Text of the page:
The Fresh Loaf

News & Information for Amateur Bakers and Artisan Bread Enthusiasts

rye flour

jgonyo's picture

rye flour

I have been making my first attempts at rye bread. The recipe calls for medium rye, but the only rye flour I can find is stone ground rye. Would the stone ground rye cause a difference in the final outcome of my rye bread? My loaves have not been rising properly, and have had a cakey consistency.


Thanks for any advice.

sphealey's picture

In the United States there is no consistency of naming among the various types of rye flour among manufacturers. You can order a rye flour with the same name from three different suppliers and get three wildly different products.

And every baking cookbook will have an authoratative statement about what the different names mean complete with pictures - which generally traces back to the author's preferred supplier's types.

What I have found:

  • Note that stone grinding is a technique; all of the flours described can be created with grinding stones, grinding rollers, hammermills, etc.
  • Dark rye flour is the whole rye grain, including the hull (= bran in wheat language), ground to a flour grind.
  • Medium rye flour is rye ground to a flour grind, with some percentage of the hull removed
  • Light rye flour is rye ground to a flour grind with much or all of the hull removed
  • Pumpernickel can vary all over the map. In Germany I believe it refers to a very coarse grind with whole rye particles about 1/16" in diameter. In the US it can range from whole rye berries whacked with a stick, to the German type, to a coarser-than-dark but still flour grind.

I have not found much difference between dark and medium flour when used in recipes. Note that recipes have to be rye-specific, or modified for rye, because rye flour does not behave as wheat flour does. (I found Levy's Rye in The Bread Bible a good starting point).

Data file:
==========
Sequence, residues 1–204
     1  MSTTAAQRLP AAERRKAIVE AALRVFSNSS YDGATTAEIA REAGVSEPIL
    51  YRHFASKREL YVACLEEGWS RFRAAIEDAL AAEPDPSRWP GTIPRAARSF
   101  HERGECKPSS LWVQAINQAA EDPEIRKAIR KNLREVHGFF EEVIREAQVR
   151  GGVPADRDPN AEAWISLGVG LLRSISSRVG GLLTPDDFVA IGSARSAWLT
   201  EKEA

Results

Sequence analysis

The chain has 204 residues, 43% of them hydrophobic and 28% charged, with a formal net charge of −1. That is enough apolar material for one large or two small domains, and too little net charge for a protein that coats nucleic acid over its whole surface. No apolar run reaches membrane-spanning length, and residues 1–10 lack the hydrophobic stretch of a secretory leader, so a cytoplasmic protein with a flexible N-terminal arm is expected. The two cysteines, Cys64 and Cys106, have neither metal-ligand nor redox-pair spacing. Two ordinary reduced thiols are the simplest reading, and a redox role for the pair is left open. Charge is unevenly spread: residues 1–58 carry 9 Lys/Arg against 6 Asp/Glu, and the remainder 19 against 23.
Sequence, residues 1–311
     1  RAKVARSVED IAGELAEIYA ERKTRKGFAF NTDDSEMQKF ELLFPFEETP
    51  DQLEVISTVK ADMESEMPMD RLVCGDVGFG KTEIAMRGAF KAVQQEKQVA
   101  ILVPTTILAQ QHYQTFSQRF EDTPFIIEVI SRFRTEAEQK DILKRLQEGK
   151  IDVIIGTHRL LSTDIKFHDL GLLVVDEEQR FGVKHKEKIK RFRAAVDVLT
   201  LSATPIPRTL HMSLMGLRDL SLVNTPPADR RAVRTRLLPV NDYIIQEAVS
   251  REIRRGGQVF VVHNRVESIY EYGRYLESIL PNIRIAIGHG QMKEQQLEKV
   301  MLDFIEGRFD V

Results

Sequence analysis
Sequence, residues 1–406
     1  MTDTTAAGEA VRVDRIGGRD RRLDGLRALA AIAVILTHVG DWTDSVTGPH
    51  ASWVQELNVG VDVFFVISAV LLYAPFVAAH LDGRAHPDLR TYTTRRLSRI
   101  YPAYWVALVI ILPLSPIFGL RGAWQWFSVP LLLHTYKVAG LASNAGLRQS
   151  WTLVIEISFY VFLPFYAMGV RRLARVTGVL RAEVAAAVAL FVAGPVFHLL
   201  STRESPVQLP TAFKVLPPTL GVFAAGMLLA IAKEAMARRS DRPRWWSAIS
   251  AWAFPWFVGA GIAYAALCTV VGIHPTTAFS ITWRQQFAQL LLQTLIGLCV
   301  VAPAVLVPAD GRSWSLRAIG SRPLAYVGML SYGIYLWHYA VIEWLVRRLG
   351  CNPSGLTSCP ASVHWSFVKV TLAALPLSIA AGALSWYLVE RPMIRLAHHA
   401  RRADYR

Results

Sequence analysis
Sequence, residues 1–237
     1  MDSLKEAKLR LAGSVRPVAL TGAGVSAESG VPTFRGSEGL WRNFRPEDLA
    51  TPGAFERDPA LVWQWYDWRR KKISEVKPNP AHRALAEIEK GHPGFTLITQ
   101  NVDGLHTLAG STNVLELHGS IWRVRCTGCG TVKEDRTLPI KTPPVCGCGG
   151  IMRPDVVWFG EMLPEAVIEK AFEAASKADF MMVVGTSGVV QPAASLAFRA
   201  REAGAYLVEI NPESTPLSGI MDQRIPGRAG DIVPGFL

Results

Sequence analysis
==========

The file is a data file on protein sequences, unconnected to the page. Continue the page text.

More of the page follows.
If you are using a rye-specific recipe, I would consider that you might have a bad batch.

If you can afford the shipping charges, an interesting thing to do is order one package each of Bob's Red Mill medium, organic dark, pumpernickel, and cracked rye and see how they compare. You can also compare to King Arthur's dark and pumpernickel.

Good luck and good rye bread.


ejm's picture

I always wondered what the differences were between dark, medium, light ryes. Many thanks for the outline.

I have been using dark rye flour in the rye breads I've been making only because dark rye is the only rye flour I could find. I've always added some wheat flour to any of the rye breads I've made.

I haven't had the nerve to try making a 100% rye bread. I find low gluten and gluten-free flours to be a bit difficult (and I love kneading so they're not nearly as fun to make... :-))   


lsume's picture

What I've found is that King Arthur Medium rye flour works best with equal parts of bread flour and about two tablespoons of wheat gluten and two tablespoons of dough enhancer.  My issue is the price of King Arthur Medium Rye flour and it's shipping cost.  I would really appreciate someon who has used the King Arthur brand and has found a suitable substitute for significantly less cost.  I made the mistake of ordering a large amount of a brand claiming to be medium rye and ended up throwing it away.  It was far to coarse.  I must also add that I put 2 tablespoons of caraway seed powder in each loaf of my rye.  I buy the caraway seed by the pound and then use my PTO KitchenAid flour mill to break the seed down to a powder.  That saves a lot of money.  I've made rye with sour cream and also with dill pickle juice and both tasted great.  However, I prefer my plain rye bread with the powdered  caraway seed.


please get back to me about an equitable substitute for the King Arthur medium rye.

ode's picture



If you would post your recipe (or a url if that's available), maybe we can help more specifically.  

You mention that your loaves have not been rising properly.  Remember that rye flour does not develop gluten and getting loaves of rye bread to rise entails some baking magic.  Generally, it involves using a percentage of wheat flour and/or using soakers and/or preferments such as sourdough, poolish or biga.  

The recipes I use tend to call for roughly 2:1 ratios of wheat flour (unbleached white and/or whole wheat) to rye flour, and the use of either a wheat or rye sourdough starter.  

Good luck, and keep baking.  


petpaint's picture